On another topic....I returned to South Bend last night for the 2nd time this season (still haven't tried either the deep-fried mac & cheese sandwich nor "The Porknado", as the drive home is over an hour and that could get ugly), and was pleasantly surprised to find D. Underwood pitching in a rehab start. He looked good -- although, to be fair, these are low-A hitters -- fastball consistently at 94-95 (if the SB scoreboard is to be believed -- several pitches were clocked in the 30s...) and with good location.
he gains nothing, no advantage, no saving of resources, nothing...there is not a cost/benefit tradeoff...him letting the running game go on around him for others to control isn't gaining him an advantage elsewhere. it's putting him at a disadvantage even if it's not cashed in with a run.
And out of respect for the rest of TCR, I'm done on this. I'm sure I'm not the only one in the other camp, but time to let it go. (Until the next Lester start. I kid.)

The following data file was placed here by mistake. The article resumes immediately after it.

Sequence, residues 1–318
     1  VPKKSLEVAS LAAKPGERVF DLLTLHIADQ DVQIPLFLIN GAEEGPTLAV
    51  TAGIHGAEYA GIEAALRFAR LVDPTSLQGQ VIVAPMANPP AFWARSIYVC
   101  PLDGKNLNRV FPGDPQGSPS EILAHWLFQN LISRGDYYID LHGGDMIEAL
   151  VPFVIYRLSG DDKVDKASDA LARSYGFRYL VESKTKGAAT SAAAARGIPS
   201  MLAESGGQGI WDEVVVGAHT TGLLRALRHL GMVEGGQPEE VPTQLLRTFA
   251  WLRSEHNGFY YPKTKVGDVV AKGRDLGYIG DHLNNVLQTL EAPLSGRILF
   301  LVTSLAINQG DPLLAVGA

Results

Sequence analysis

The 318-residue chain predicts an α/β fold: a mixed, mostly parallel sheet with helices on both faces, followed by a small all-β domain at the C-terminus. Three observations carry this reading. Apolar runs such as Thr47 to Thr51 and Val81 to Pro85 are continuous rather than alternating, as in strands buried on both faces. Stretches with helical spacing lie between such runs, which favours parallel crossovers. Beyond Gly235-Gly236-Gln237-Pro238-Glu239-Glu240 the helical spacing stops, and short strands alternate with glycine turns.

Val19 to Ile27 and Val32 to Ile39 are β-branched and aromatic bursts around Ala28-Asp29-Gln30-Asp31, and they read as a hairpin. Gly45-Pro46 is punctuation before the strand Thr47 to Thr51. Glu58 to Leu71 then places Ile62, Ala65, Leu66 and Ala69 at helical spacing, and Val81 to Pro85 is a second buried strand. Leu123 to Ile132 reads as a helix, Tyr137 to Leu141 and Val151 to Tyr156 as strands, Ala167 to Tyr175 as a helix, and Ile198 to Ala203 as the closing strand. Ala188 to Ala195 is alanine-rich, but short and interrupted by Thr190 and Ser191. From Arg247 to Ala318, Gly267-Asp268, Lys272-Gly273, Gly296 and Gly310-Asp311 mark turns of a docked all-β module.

He is putting himself at a disadvanage. But how much of one relative to the rest of his game? He's not Justin Germano -- he's inarguably one of the best SPs in baseball, issue or not. It would be more of thing to discuss ad nauseum if it constantly caused him to give up runs and lose games. But it doesn't.
shouting down my points about lester with "well, it didn't hurt" is like saying it doesn't matter if a guy starts out walking 3 guys every inning as long it's followed by a K and a double play.
it's like elevating ERA and wins to a high level while ignoring what it took to get there.
I'm asking how much it has hurt Lester and the Cubs this year. Do you have that answer?